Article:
First virtual Singapore Speciality Coffee Auction draws in 100 bidders
Shot from the auction of Santa Elena Estate’s Geisha beans. Image courtesy of SCA
100 bidders from 17 countries and regions joined the Singapore Specialty Coffee Auction held on 1 October 2020 virtually for the first time. The event saw some modest prices going to the Geisha bean variety from Panama. MD Estate Coffee Inc’s Geisha beans from Boquete Panama sold at the highest bid price of US$64.50 per kilogram to Seed & Virtue Pte Ltd, Singapore.
Organised by the Singapore Coffee Association (SCA) in partnership with Food&HotelAsia (FHA), the virtual auction saw bidders from Australia, China, Hong Kong, India, Japan, South Korea, UAE and USA vying for 49 lots of specialty coffee. The auction was closely watched on socials, garnering up to 5,200 views.
Santa Elena Estate’s Geisha beans received the second highest bid of US$56 from CoHee Limited, Hong Kong. Finally, Yellow Catucaí from Guariroba Farm, Brazil was sold at US$25 to a bidder from Japan. Other lots that received intense interest from bidders included:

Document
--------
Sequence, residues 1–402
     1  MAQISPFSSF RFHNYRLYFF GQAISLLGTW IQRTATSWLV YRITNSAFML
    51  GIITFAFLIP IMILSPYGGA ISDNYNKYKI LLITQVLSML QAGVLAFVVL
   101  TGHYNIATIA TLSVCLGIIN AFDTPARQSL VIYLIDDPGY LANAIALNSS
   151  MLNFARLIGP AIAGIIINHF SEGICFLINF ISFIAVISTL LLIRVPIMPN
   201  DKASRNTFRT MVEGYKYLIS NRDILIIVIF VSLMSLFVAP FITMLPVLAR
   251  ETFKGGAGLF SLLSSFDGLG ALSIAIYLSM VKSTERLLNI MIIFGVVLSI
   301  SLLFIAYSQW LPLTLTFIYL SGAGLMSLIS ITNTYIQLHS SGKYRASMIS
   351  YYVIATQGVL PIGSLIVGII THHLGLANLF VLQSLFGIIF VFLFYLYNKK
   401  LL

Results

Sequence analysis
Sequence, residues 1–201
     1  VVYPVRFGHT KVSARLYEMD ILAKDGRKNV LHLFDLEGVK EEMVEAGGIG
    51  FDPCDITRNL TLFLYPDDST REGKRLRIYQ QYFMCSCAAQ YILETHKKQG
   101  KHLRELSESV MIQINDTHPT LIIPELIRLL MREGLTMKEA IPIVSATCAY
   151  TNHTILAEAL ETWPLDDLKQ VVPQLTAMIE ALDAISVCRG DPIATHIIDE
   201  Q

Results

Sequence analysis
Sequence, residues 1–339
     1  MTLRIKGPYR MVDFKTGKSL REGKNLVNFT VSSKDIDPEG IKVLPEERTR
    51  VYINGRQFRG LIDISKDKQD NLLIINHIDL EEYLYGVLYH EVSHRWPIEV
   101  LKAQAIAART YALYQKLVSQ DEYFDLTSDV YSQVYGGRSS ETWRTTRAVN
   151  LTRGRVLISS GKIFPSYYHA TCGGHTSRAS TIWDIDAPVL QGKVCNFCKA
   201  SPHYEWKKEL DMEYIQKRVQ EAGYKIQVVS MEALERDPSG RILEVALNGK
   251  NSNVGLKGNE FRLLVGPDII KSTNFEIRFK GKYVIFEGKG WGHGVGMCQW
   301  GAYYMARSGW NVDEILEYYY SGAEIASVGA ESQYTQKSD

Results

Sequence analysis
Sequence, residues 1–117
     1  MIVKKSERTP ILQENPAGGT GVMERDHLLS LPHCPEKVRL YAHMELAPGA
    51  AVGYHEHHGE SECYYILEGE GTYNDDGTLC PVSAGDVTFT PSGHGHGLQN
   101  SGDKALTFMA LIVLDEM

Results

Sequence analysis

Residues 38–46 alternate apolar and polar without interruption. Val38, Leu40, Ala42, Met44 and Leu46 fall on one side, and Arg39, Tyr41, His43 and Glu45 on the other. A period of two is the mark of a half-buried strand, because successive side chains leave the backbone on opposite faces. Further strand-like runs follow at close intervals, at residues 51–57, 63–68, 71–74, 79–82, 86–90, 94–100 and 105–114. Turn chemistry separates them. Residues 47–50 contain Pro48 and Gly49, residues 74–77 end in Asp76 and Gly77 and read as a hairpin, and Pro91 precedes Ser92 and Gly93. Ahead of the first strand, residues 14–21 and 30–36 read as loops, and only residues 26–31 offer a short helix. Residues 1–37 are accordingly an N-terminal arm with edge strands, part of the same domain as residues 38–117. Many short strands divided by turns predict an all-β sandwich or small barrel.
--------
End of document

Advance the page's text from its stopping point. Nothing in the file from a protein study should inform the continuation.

- CAT-129 variety from Ngoli Estate, Zambia (highest jump from US$7 to close bid at US$16);
- F1 Centroamericano, Hy-04 Natural varieties from La Margarita, Costa Rica;
- Caturra / Catuai varieties from Finca Santa Teresa, Panama;
- Arabica Catuai variety from Finca La Valentina, Panama;
Intense discussion on climate change and coffee production
The webinar “Effects of Climate Change on Coffee Production in ASEAN”, held on the same day prior to the auction, saw 133 attendees from 22 countries and regions and over 2,400 social views. Discussion centred on the impact of climate change on coffee farming in the region and how farmers can mitigate the damage caused to the industry in Southeast Asia. Industry professionals from Starbucks, a coffee industry expert based in Vietnam, and BSR deep dived into the issue and shared their views on how farmers and businesses can help reduce climate impact. From understanding business risks to analysing the different factors such as energy use and mono crop culture that affect coffee farming communities around the world, the experts agreed that the impact of climate change can be resolved through openness and collaboration among all the stakeholders.